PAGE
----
The constitution, laws, and executive decrees provide for freedom of religion and worship and prohibit discrimination based on religion. The constitution recognizes Catholicism as the religion of the majority of citizens, but not as the state religion. The law continued to require Muslim women, Catholic nuns, and Rastafarians to pull back their head coverings to show their ears in pictures taken by immigration officials, but civil registry and customs authorities agreed to take the photographs and conduct any body searches in private. According to a Muslim community leader, the community did not receive any complaints regarding these procedures. Public schools continued to teach Catholicism, but parents could exempt their children from religion classes. Some non-Catholic groups continued to state that the government provided preferential distribution of subsidies to small Catholic-run private schools for salaries and operating expenses.
The Inter-Religious Institute of Panama, an interfaith organization with a wide range of associated religious groups, expanded its membership while continuing to provide a coordination mechanism for interfaith activities and promote mutual respect and appreciation among the various religious groups. Several religious groups held interdenominational events, including a Jewish community-hosted iftar to honor the leaders of an Islamic cultural center; a Muslim-Arab community-hosted interreligious youth day camp; a joint Catholic-Jewish youth event; and an interfaith event to celebrate the World Day of Prayer for the Care of Creation. On September 10, members of the Inter-Religious Institute announced the institute would host youths during the World Youth Day in 2019, including hosting Catholic travelers in the homes of Muslim, Bahai, Jewish, and non-Catholic Christian faiths.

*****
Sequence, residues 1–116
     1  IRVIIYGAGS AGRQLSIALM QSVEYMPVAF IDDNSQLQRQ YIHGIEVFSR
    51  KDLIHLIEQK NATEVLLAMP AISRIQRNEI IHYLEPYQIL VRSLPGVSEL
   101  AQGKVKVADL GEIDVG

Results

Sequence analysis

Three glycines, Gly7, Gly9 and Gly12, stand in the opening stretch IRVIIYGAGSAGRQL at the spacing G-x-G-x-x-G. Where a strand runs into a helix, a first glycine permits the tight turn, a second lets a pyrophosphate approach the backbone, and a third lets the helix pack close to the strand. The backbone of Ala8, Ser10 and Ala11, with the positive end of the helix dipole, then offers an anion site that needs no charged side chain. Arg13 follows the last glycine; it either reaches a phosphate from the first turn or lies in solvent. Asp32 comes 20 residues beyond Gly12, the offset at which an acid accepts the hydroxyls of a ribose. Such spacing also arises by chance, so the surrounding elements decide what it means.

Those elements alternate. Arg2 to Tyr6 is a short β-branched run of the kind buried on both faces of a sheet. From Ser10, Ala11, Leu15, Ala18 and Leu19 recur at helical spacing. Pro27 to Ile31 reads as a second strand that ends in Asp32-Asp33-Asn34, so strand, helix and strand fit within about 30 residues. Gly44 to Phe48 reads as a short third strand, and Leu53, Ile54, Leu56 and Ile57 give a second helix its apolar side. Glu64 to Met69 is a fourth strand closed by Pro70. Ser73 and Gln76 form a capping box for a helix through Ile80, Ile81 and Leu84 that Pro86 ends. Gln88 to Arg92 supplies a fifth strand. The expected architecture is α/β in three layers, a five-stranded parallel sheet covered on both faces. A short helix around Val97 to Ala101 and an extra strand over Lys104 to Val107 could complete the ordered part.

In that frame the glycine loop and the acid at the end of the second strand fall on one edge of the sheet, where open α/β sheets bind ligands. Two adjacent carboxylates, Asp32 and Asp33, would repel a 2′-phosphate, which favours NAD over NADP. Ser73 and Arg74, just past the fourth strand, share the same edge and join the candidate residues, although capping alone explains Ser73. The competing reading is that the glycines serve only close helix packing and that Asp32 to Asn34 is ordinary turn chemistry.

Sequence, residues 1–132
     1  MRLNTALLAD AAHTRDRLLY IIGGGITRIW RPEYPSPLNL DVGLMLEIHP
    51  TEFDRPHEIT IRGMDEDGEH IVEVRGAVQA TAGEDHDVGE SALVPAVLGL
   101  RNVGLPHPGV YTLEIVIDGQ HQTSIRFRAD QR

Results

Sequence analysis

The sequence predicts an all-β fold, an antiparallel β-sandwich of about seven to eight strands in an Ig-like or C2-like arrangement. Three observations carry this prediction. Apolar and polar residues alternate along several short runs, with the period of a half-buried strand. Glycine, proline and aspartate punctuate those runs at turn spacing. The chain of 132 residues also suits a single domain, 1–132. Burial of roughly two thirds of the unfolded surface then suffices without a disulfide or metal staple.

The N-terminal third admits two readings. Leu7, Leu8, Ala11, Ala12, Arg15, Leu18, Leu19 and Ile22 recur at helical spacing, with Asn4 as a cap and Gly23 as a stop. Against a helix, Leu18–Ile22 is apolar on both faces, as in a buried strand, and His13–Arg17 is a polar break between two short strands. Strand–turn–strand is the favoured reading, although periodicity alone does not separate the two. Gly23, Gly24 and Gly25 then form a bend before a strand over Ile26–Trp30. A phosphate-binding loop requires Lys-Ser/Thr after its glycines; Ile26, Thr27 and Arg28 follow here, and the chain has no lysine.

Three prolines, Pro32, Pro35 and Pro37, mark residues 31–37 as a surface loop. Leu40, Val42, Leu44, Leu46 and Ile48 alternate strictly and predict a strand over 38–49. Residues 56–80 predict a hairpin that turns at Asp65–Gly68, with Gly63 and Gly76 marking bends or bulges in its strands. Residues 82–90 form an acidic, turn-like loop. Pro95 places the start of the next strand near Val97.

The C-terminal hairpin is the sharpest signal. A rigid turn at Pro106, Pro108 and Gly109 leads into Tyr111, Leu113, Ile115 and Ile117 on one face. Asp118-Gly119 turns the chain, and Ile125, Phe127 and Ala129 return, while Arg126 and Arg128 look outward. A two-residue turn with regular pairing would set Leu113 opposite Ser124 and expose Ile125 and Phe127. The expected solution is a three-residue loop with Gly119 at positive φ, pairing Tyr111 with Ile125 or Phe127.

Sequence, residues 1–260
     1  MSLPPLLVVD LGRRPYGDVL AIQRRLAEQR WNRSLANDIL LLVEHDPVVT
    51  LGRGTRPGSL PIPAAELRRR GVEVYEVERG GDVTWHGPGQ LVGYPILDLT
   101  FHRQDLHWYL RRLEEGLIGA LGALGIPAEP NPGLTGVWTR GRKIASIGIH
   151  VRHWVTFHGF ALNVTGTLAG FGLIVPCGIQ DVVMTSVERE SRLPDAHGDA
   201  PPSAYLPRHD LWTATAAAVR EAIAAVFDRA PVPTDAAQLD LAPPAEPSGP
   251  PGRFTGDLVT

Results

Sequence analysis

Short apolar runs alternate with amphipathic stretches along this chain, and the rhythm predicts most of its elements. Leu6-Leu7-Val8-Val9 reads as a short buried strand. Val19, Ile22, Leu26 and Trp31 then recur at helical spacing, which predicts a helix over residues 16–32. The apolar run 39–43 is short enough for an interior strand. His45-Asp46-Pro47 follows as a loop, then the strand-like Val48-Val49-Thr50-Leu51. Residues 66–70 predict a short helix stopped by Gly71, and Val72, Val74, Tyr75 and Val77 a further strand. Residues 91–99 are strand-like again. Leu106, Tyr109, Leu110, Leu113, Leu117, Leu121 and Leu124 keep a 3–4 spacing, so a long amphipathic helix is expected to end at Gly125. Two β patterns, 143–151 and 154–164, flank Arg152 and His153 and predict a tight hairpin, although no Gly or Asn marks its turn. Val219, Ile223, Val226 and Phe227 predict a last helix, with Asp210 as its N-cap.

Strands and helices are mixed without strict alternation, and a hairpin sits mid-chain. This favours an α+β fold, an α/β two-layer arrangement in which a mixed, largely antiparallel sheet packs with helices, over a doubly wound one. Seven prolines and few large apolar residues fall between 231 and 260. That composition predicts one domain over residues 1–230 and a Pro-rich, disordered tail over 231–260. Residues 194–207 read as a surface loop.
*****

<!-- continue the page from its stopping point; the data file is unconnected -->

Embassy officials met on several occasions with government officials and raised questions about fairness in education subsidies for religious schools and the need for equality of all religious groups before the law. The Ambassador and other embassy officials met frequently with Catholic, Jewish, Muslim, Rastafarian, Bahai, Episcopalian, Lutheran, and evangelical Protestant leaders to discuss government treatment of members of religious groups and interfaith initiatives to promote tolerance and respect for religious diversity, and societal perceptions and treatment of members of religious groups.